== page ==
to a dog bringing a ball back to its
master in Chapter 1?
The narrative is circular in many ways. It
begins in the brush by the river and ends
in the brush by the river. Does this suggest
anything about the development (or nondevelopment) of Lennie’s character?
Lennie – some starting points:
• Note all the comparisons between Lennie and animals through the novel; why does
Steinbeck do this?
• How does Steinbeck present Lennie’s very weak mental faculties? Why did Steinbeck
choose to present Lennie in this way? How does our view of Lennie’s weaknesses
develop through the novel? Why?
• How do conversations between various sets of characters help to develop Lennie’s
character – help us to understand Lennie, his relationship to George and his significance
in the story?
• How does Steinbeck structure the story to develop our response to Lennie? (e.g. look at
the encounters with other characters which invite contrasts and comparisons, such as
Lennie & George, Lennie & Curley, Lennie & Crooks, etc.) Explore these links and
contrasts, and what Steinbeck is suggesting to you through them.
• Steinbeck uses symbols and parallels to develop characters (i.e. Candy’s dog, hands,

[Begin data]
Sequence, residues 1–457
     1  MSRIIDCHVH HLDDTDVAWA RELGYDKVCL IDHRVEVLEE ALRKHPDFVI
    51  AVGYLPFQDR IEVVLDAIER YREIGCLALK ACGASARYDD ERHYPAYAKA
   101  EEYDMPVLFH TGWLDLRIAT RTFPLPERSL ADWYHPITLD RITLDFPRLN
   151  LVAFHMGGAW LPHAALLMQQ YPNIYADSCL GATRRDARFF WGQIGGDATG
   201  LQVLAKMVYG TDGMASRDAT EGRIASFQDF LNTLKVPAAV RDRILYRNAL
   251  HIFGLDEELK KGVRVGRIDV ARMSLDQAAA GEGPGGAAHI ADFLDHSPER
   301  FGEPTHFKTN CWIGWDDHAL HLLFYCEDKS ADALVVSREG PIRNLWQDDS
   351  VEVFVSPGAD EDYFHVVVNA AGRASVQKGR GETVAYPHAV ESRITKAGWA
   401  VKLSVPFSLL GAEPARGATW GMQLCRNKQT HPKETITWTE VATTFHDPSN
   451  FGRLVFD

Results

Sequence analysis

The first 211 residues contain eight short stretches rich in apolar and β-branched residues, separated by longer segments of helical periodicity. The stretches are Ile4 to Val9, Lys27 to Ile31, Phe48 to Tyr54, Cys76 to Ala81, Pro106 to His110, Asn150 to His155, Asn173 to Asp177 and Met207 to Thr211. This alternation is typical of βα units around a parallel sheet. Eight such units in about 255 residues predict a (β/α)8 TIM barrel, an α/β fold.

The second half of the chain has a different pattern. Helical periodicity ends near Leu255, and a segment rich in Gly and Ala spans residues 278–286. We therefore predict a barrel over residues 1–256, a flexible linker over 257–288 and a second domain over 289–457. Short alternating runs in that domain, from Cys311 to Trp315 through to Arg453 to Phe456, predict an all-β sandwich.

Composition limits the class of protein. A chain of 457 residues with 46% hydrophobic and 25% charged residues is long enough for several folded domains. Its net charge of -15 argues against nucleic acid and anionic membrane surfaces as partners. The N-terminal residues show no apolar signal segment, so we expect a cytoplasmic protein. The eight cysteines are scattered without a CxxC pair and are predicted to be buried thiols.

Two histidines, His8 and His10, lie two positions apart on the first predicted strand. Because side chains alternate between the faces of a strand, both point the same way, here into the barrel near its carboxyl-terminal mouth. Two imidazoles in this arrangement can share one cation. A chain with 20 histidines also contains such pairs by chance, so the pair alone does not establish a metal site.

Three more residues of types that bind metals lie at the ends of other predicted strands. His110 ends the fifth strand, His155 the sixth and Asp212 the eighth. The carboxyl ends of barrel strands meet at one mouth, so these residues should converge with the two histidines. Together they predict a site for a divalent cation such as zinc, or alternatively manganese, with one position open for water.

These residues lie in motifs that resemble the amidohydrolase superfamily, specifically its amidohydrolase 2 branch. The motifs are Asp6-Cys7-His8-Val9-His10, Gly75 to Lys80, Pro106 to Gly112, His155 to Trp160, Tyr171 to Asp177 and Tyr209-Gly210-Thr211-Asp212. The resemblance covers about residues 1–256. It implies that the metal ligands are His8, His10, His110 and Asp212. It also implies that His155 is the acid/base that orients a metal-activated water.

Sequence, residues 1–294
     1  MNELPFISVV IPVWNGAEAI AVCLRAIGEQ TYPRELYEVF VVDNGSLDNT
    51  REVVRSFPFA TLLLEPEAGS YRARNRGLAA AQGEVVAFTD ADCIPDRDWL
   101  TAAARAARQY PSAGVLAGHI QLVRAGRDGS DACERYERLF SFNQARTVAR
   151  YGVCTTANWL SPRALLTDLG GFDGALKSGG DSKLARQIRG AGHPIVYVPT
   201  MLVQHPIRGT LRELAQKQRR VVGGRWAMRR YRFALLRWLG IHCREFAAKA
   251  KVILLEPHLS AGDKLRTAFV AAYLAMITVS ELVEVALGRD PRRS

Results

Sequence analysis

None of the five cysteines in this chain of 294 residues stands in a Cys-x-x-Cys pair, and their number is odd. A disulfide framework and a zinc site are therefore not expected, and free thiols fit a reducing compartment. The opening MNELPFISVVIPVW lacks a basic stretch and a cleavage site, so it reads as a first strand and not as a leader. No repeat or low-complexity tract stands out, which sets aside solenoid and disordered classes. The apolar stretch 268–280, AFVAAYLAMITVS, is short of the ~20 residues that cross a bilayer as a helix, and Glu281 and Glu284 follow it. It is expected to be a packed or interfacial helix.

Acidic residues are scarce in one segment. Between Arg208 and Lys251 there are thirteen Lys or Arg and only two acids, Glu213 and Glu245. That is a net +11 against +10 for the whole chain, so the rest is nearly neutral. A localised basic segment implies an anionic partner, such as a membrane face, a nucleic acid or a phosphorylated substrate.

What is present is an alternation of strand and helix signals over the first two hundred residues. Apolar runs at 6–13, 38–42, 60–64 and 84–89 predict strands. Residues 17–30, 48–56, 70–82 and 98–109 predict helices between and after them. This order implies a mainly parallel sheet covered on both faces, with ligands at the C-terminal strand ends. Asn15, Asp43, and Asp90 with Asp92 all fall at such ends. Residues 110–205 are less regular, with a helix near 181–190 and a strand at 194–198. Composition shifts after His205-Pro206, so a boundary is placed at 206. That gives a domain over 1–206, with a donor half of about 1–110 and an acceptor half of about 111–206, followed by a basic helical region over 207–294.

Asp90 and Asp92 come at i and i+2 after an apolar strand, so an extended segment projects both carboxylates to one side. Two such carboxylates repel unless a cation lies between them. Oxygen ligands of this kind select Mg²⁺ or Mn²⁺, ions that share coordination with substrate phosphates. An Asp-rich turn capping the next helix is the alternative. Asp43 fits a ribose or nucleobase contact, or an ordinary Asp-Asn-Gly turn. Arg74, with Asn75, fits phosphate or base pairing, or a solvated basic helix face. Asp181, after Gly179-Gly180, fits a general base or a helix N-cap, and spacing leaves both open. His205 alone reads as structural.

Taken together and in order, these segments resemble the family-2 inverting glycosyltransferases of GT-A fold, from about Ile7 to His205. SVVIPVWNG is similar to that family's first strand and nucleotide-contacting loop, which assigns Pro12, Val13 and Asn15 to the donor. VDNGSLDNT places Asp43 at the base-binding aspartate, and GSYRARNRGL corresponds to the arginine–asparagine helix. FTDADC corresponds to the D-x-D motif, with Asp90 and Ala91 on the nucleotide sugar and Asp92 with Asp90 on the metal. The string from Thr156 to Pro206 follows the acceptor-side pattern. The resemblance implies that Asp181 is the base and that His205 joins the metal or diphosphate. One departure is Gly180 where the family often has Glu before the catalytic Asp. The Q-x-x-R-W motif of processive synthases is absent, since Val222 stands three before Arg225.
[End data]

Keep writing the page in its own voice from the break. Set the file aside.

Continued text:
rabbits, farm animals, etc.) How does this affect our understanding of/feelings about
Lennie and his significance in the novel?
• What do you think Steinbeck wanted to say about the world/human beings/society/Men
in this book, and how does he use Lennie to communicate this?
George – some starting points:
• How does Steinbeck present George at the beginning of the book (i.e in contrast to
Lennie, as Lennie’s “master” etc.)
• How does Steinbeck present and develop George’s character through various
dialogues, comparisons and interactions with other characters? Focus on George and
Slim, George and Carlson, George and Curley, George and Curley’s wife, George and
Candy. For example, how does George’s conversation with Slim at the beginning of
section 3 help us to understand George’s feelings about Lennie and his “journey” as a
person? How does George’s conversation with/about Curley’s wife help to depict his
attitudes to women in relation to those of other characters? (see also George’s
comments about ‘cat houses’). Is George’s attitude meant to seem typical of male
roles at the time or to stand out as different?
• How does Steinbeck structure the story to develop our response to George? For
example, compare George’s incantatory reiterations of the dream of owning their own
place (three times in the novel). Does this show any change or development? (i.e. of
mood, feelings, motivation, irony?) Also look for other repeated elements, such as
George’s comments about women brothels and what these suggest about him.
• The novel ends where it began (the narrative is circular in this regard); at the end, do
we feel that George has developed or not? Why?
Sentence starters
Steinbeck seems to want to...
The novel demonstrates that...
The first time we are introduced to George/Lennie,
Steinbeck suggests to us that...
I think that Steinbeck wants to show us ....